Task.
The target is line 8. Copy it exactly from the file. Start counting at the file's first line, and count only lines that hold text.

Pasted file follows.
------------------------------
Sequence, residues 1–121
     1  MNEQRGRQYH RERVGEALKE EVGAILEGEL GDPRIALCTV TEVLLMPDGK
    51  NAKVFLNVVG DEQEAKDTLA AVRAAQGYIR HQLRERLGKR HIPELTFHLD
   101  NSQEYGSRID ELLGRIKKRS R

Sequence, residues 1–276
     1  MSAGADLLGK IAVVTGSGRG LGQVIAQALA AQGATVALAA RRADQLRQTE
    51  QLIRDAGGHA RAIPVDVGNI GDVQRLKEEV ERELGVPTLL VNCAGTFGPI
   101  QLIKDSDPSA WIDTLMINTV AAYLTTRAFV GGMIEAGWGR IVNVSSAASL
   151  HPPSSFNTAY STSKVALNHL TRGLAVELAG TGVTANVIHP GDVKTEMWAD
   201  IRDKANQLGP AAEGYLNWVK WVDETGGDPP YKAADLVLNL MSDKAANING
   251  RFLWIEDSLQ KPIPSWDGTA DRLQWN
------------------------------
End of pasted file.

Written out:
   101  QLIKDSDPSA WIDTLMINTV AAYLTTRAFV GGMIEAGWGR IVNVSSAASL